Miriam Smith present’s a good analysis on ipoltics.ca examining the influences behind the current turmoil in Québec as students face off against the country’s centre-right provincial government under the federalist Québec Liberal Party and its leader Jean Charest:
“Another important ‘big picture’ factor in the current crisis is the role of Quebec nationalism. Quebecers tend to have a different view of the state and of collective responsibility than other Canadians. In part because of the role of nationalism in Quebec society and the sense that the francophone minority is on its own in a sea of English, collective institutions such as the church (first) and the state (later), have been assigned the role of cultural and linguistic protection.
This has spilled over into other areas of social policy. Generally, the Quebec government has been more generous than other Canadian provinces in providing services such as day care. As well, groups such as the women’s movement, trade unions, and student organizations have regularly engaged in institutionalized consultation with provincial governments and party allies such as the Parti Québécois. Therefore, there is more of a sense of social solidarity or the social model, as it is sometimes called in Quebec, than in most other Canadian provinces.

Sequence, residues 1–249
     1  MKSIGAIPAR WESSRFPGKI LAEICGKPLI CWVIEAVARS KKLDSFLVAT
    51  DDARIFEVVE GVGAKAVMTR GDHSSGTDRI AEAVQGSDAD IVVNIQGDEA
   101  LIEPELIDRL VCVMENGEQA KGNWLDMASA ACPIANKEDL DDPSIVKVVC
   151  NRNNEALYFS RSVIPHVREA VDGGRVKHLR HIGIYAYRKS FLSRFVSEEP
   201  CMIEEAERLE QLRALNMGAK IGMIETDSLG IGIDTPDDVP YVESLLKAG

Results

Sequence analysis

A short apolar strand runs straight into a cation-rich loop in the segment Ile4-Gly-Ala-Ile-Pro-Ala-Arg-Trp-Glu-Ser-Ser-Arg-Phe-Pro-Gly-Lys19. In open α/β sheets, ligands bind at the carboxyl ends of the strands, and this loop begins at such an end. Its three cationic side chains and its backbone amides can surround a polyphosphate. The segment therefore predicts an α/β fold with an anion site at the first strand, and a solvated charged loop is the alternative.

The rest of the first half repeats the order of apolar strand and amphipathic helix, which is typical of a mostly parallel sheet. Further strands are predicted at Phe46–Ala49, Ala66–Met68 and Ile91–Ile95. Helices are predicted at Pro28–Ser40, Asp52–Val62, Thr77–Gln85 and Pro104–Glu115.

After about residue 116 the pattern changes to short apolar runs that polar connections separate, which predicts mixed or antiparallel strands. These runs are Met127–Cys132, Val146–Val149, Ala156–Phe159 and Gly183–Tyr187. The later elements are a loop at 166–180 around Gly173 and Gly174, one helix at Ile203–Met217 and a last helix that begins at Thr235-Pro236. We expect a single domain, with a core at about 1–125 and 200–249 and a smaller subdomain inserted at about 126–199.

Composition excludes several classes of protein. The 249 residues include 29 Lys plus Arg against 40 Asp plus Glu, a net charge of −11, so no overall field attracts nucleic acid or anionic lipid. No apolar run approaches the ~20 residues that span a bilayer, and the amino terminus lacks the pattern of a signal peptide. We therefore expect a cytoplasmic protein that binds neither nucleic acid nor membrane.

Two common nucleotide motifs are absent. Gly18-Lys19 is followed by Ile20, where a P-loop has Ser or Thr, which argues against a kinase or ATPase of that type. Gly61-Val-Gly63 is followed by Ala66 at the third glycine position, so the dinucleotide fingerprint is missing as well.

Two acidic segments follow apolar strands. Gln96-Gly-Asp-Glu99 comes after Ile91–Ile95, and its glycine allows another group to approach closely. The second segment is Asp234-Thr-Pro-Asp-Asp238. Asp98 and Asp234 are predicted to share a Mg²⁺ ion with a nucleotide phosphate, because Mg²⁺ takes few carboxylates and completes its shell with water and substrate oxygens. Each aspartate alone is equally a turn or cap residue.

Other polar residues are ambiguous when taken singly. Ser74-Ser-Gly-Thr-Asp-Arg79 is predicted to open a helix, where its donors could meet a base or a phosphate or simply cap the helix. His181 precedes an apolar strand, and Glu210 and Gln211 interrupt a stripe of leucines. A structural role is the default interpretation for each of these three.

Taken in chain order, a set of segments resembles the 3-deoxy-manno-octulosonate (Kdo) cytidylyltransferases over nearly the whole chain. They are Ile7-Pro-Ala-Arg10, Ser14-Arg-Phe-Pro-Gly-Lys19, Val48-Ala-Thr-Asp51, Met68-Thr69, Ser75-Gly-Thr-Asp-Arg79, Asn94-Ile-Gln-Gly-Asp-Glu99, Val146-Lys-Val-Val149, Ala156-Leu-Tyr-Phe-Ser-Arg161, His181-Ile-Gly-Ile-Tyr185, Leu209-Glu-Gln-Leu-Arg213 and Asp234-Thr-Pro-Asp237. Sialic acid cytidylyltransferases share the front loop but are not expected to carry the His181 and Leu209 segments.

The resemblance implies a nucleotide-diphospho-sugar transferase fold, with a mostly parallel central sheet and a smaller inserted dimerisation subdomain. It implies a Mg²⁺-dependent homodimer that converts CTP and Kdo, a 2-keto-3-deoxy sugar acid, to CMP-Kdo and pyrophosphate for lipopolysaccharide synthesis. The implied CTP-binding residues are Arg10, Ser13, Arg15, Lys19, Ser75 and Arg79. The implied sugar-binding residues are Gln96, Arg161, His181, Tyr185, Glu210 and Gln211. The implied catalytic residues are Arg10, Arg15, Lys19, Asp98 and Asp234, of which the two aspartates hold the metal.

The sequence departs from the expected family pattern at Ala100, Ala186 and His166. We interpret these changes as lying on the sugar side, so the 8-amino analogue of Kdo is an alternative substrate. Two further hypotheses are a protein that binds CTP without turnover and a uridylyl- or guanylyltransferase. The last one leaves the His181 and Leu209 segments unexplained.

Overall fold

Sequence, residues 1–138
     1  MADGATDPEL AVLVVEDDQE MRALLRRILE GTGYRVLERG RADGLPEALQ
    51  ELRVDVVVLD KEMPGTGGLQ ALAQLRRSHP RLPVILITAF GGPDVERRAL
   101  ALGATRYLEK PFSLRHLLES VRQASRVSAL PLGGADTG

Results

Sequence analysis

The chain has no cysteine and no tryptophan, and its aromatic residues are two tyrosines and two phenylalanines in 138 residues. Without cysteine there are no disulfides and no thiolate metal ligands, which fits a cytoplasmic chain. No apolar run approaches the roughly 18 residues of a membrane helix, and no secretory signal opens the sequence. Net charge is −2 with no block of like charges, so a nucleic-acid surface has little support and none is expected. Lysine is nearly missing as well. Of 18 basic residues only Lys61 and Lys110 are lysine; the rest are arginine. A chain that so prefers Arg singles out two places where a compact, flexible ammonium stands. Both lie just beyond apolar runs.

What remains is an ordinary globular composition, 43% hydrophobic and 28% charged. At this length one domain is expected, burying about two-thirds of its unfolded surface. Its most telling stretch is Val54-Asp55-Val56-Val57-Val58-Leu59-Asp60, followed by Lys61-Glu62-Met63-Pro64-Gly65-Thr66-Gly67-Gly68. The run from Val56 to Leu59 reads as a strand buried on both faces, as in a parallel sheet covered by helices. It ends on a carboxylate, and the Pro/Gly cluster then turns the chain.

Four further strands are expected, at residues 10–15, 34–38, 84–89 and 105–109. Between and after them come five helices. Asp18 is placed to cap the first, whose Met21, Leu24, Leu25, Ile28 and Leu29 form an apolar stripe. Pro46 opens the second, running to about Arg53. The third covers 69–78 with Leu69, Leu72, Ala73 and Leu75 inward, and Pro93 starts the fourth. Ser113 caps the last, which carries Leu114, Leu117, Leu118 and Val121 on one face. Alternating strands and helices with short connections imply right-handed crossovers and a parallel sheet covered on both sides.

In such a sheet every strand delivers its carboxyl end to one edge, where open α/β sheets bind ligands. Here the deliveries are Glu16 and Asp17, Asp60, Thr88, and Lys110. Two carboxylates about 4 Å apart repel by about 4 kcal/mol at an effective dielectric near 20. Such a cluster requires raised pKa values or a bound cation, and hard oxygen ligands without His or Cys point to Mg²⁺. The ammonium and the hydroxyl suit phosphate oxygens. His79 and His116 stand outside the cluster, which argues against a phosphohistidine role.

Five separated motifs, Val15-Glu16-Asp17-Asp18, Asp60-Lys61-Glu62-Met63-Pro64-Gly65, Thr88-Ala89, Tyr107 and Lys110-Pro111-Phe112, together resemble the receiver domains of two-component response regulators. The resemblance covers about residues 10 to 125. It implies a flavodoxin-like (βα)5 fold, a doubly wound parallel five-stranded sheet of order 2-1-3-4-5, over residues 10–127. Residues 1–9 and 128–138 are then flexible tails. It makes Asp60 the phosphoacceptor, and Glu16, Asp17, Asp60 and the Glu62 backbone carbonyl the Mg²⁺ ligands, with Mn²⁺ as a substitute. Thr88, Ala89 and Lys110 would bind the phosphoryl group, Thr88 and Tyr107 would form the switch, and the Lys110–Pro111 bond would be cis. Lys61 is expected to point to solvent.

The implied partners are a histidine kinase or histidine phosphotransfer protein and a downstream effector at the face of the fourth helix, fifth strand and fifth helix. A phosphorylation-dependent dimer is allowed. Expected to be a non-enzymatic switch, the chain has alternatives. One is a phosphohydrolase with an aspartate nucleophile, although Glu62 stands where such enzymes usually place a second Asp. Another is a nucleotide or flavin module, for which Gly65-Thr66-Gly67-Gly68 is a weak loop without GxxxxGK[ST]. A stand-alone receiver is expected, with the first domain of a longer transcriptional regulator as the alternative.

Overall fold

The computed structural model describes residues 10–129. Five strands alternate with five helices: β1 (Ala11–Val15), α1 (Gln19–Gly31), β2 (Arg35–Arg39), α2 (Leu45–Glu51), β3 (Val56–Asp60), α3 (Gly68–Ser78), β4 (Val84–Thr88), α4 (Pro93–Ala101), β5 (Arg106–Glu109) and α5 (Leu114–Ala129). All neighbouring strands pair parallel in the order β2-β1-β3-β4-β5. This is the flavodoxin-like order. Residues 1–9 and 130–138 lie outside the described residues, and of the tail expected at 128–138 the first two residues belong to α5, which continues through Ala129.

It’s also important to recall that francophones in Quebec were disadvantaged in terms of higher education prior to the Quiet Revolution of the 1960s. The modernization of higher education in Quebec as well as various measures that encouraged the use of French in the workplace during the 1960s and 1970s contributed to an expansion of access to higher education for francophone students. Cutting off access to education has a different resonance in Quebec than in other provinces. While in Ontario higher education might be seen as a ticket to a middle class job or as a potential engine of economic growth, in Quebec, higher education is inextricably linked to cultural, linguistic and national identity.”
- Polling The Future (ansionnachfionn.com)
- Trade unions outside Quebec funding student protests (cbc.ca)
- Red River of Protest Runs Through Montreal as Students Continue Fight | Common Dreams (2012indyinfo.com)
- Quebec corruption inquiry commissioner gives opening remarks (news.nationalpost.com)
Reblogged this on Daibhidhdeux's Blog.